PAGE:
“It will take an international intervention or a miracle to bring change,” Anderson says. She also understands that it is instinctive for many Christians to sympathize with the Jews because of a common heritage. But Americans do not hear about the situations she sees on a daily basis, she says. The major media outlets in the United States do not give an accurate picture of the situation in the Middle East. It is because of what she and her team members see that they are so convinced that Palestinian people are being gravely mistreated and abused and that people in the United States need to see both sides of the conflict. They are kept in contained areas, and their hospitals, stores, schools, and police stations are repeatedly destroyed by the Israeli military in the name of national security.

“The slow strangulation of life is creating a desperate people,” says Anderson. Israeli soldiers surround every Palestinian city. No men between the ages of sixteen and thirty-five are allowed to travel. People are suffering from psychological problems brought on by poverty and the inability to work or support their families and by fear of personal attacks and having their homes suddenly demolished.

“You can’t be told you’re scum daily without having it affect your sense of dignity and worth,” Anderson says.

Soldiers are not the only ones carrying guns. Anderson tells numerous stories of people who are abused and beaten, usually by settlers committed to taking over and cleansing land they believe should be theirs.

“There is no legal mechanism for Palestinians—or even internationals like CPT to appeal to,” says Anderson.

Anderson tells of a woman translator beaten by settlers. CPT members have walked two miles with the translator to report the incident to Israeli officials. After waiting for four hours they were told to return the next day—when they were told the same thing.

Despite the conditions, Anderson, who has traveled to several countries, finds Palestinian people among the most generous, warm, and friendly people she’s met.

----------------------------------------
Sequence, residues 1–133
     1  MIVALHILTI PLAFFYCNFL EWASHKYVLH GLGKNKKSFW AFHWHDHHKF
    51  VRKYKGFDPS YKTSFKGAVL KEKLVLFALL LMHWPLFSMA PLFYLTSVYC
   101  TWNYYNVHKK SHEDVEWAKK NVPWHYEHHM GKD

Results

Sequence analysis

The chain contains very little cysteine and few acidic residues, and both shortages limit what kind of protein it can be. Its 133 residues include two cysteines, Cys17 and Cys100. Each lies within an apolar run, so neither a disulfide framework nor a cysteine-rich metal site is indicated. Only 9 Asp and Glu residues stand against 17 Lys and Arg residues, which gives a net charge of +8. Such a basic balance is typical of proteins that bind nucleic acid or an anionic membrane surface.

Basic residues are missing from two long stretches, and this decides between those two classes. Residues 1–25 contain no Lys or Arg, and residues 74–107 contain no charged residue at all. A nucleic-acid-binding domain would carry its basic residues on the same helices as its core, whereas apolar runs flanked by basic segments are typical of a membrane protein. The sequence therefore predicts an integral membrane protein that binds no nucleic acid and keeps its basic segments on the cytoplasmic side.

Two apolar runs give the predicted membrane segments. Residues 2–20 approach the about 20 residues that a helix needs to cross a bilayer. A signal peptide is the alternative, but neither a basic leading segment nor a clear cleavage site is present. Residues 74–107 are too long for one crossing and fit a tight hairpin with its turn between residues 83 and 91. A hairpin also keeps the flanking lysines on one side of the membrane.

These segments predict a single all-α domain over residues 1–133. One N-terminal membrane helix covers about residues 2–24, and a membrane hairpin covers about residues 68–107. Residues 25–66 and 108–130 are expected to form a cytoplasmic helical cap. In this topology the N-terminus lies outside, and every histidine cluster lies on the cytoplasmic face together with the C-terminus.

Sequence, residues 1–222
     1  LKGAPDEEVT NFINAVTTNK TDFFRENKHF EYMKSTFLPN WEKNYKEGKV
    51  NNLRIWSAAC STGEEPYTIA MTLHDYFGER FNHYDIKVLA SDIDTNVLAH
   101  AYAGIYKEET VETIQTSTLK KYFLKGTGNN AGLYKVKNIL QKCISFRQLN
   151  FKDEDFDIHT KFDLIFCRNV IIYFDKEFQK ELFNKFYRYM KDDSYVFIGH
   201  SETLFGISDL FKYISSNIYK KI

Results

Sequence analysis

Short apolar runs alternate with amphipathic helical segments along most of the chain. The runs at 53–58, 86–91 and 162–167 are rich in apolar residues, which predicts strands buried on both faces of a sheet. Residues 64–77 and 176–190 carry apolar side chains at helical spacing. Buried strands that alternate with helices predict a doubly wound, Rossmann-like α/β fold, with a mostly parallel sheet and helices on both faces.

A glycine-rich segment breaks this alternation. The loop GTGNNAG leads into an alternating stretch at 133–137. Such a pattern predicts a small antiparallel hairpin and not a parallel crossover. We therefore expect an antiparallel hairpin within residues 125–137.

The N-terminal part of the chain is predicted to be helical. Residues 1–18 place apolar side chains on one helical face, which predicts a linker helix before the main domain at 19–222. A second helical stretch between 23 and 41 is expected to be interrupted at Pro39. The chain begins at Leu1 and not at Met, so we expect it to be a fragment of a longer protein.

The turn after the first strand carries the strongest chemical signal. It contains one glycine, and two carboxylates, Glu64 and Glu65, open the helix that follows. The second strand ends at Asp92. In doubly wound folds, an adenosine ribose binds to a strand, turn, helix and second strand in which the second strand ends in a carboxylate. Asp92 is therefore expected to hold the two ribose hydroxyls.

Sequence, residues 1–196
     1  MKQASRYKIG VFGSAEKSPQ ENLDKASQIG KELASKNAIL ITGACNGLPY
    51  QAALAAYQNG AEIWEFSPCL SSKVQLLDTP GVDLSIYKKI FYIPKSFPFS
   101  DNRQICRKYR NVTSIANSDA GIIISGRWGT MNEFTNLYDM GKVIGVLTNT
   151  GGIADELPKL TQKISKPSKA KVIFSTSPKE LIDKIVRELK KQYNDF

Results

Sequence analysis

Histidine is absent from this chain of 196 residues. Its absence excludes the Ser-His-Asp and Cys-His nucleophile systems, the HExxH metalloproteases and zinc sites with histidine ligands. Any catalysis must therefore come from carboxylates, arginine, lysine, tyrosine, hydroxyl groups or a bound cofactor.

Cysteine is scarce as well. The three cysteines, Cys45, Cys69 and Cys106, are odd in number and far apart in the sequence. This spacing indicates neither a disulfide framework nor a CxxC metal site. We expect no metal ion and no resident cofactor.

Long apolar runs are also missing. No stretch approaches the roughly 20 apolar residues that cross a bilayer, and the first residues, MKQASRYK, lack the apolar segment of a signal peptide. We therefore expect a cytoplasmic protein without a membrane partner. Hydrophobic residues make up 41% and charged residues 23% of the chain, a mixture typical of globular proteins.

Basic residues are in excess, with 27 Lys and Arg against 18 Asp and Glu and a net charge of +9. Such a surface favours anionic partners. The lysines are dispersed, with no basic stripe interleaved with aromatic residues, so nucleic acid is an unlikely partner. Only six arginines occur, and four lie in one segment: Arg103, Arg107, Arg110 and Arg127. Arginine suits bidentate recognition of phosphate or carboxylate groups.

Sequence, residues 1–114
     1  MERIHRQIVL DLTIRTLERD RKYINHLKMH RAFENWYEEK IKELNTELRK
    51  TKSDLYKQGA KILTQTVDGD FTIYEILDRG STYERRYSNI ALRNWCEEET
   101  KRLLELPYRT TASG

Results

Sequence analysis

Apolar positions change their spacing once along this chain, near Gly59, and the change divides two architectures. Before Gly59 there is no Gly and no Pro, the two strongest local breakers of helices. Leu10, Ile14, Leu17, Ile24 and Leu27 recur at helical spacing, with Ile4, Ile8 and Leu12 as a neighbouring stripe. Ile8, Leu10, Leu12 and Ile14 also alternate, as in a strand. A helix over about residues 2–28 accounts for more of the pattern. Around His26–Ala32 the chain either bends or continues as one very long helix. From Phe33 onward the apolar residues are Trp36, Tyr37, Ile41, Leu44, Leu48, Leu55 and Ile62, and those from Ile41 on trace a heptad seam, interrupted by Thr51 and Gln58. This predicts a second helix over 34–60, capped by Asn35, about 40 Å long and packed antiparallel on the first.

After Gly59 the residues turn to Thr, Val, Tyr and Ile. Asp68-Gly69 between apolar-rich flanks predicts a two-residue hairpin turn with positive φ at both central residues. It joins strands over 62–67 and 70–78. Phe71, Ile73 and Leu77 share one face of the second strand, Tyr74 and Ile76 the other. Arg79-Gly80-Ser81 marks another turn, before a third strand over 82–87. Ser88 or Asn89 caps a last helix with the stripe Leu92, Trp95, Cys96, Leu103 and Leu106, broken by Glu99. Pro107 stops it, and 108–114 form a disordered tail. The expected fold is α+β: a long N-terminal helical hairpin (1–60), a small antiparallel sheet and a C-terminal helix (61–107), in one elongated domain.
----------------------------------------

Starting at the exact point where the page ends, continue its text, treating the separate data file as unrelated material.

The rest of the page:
“Palestinians I’ve met know that the United States provides huge amounts of military aid to Israel, yet they make a distinction between American people and the American government,” she says. “I’m not sure I’d be that gracious.”

That is one reason why Anderson, even though she lives in the midst of conflict, does not feel threatened by Palestinians when she walks out of her apartment.

Another reason is the non-violent stance CPT takes. “In some ways we are able to react to violence more creatively because we do not carry guns,” says Anderson. “If you carry a gun you’re a target. If they know you don’t have one, they are more willing to listen before reacting.”

“We’re most afraid of the Israeli settlers,” she adds. “Young children will throw rocks at us as well as the Palestinians. They’re taught to hate from birth. Even many Israelis are afraid of the settlers, sometimes calling them fanatical and irrational.” Team members have been “roughed up” often and, recently, a twenty-four-year-old woman from the team was beaten by three settler women.

Anderson acknowledges the danger, but she also knows that danger and injury can happen anywhere and at any time.

“I’m here because I believe in the power of God to transform hearts,” she says. “I want to be a voice for the voiceless.” For that reason she travels around telling her story when she returns to the United States every three months, urging people to find alternative sources of information about the situation in the Middle East, and urging people to pressure their legislators to change U.S. policy of giving over $2 billion in military aid to Israel, enabling them to continue on the present course.

She’d like to believe the settlers don’t mean it when they say they wish her dead, but she’s afraid they do.